One of the key highlights we observed in our recap of 2022 is the growing number of companies that shut down their activities throughout the year. We reported that 8 companies shut down or filed for bankruptcy in 2022. Yet, at the time we wrote this article, the announcement of 3D Metalforge had not been released yet.

In December, the Singapore-based large additive manufacturing service bureau made orders in relation to the moratorium under Section 64 of the Insolvency Restructuring and Dissolution Act 2018 (“IRDA”) over its wholly owned Singaporean incorporated operating subsidiary, 3D Metalforge Pte Ltd.

The company is currently working with a reduced workforce in its operating subsidiaries. Whether it is its Singaporean subsidiary or its Houston one, notice has been given to terminate all staff employment contracts.

The Singaporean operating subsidiary will also terminate all independent contractor agreements.  We know the company was involved in some interesting projects in the Oil and Gas industries as well as the Marine industries, sectors with a big potential for AM technologies.

For US- and Europe-based companies that shut down their activities, the economic downturn and marketing activities were quickly mentioned as the top reasons behind these cessations.

In this case, the fact that it is one of the large AM service bureaus in the region that is shutting down its activities raises a number of questions on the why, and the maturity of the market in this region.

Speculation is well underway in the community that reacts on LinkedIn:

Singapore is a tough market for private 3DP services, high operational costs, low demand and small internal budgets on the client side… plus super accessible supply chain for traditional part manufacturing both locally and across the strait in Malaysia. Then there is the national additive manufacturing network that connects all the academic 3D printing resources in the country to deliver services to the industry, competing directly with private service bureaus with their lower costs and subsidies to incentivise companies”, Benoît Valin comments.

According to Ashok H. Varma, despite the well-known hurdles linked to AM adoption, 3D MetalForge was facing a different range of issues:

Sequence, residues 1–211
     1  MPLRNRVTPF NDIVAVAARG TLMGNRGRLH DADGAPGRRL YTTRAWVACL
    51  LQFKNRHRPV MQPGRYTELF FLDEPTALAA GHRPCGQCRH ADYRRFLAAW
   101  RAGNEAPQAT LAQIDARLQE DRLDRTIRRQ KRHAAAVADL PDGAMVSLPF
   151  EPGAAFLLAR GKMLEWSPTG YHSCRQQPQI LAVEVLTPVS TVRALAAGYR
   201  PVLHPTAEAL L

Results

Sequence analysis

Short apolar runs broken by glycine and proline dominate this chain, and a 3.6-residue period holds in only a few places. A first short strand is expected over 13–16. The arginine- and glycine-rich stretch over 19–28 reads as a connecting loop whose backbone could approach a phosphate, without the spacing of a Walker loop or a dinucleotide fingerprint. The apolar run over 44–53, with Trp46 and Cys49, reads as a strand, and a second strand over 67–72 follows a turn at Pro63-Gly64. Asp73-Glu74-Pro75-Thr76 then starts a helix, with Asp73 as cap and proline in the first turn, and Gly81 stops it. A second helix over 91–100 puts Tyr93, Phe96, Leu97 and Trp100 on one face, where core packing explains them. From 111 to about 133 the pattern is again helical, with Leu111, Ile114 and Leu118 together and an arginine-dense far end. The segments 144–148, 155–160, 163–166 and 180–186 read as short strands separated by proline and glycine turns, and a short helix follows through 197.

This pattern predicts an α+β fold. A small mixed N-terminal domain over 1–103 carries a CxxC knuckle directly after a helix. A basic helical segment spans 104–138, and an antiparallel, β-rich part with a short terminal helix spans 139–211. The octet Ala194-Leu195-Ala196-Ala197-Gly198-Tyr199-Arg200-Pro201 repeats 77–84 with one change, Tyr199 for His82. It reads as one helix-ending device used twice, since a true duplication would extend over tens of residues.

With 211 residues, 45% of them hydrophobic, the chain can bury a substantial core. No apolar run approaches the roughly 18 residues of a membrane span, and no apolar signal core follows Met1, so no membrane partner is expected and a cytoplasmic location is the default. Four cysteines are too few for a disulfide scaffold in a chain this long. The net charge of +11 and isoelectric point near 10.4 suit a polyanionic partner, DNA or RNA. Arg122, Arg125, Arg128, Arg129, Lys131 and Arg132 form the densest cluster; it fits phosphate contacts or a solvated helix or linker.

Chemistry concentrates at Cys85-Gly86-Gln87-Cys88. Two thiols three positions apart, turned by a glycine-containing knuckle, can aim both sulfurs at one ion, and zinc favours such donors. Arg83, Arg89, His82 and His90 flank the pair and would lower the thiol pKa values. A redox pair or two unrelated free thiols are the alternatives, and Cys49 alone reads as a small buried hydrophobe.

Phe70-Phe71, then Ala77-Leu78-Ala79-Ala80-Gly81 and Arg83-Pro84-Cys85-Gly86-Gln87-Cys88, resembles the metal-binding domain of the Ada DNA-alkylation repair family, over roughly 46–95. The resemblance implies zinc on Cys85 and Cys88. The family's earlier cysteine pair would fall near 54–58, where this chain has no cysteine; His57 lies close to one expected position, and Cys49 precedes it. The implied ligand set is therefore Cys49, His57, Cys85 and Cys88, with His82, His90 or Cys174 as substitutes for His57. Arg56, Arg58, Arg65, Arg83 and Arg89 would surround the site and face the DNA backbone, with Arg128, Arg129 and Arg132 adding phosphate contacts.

1. focusing on an extremely small regional market such as Singapore with some approach to Malaysia.
2. achieving less than $ 100,000 in revenue even after the public offering and some decent cash investment
3. Compare to, for example, Sintavia, thriving and growing like mad, similarly Incodema and Morf3D, and Beehive, all straight forward metal AM services companies, no equipment, just making parts. I believe collectively just these three companies I mentioned have profitable revenues in aggregate > $ 50M.
4. It is about execution, leadership, management, the right teams, choosing the right verticals and regions, the right technologies, the right applications. Almost any services company in metal AM will make good profits and growth with these fundamentals, and in fact, three of the Indian metal AM service bureaus now are all profitable and at a steep growth curve.
5. The technology has been accepted very widely. Need to find and focus on those users, while evangelizing new users

Each of these comments is worth taking into account. At the end of the day, a company operating in Singapore will not deal with the same hurdles than another one operating in the US or in a European country. Knowing its market is important, being able to take advantage of each of its peculiarities is what can make any company stand out from the crowd.

Right now, staff in 3D Metalforge LLC are mainly employed on an “at will” basis, and so will cease work at any time. Appropriate arrangements will be made with customers for the discharge of current obligations of 3D Metalforge and Matthew Waterhouse, current CEO, will remain as an employee but has agreed to waive salary during this period.

Last but not least, despite this end of story, one should not forget to acknowledge 3D Metalforge’s efforts in fostering the adoption of AM. I in any case, I do, and I wish the founding team the very best in their next endeavours.


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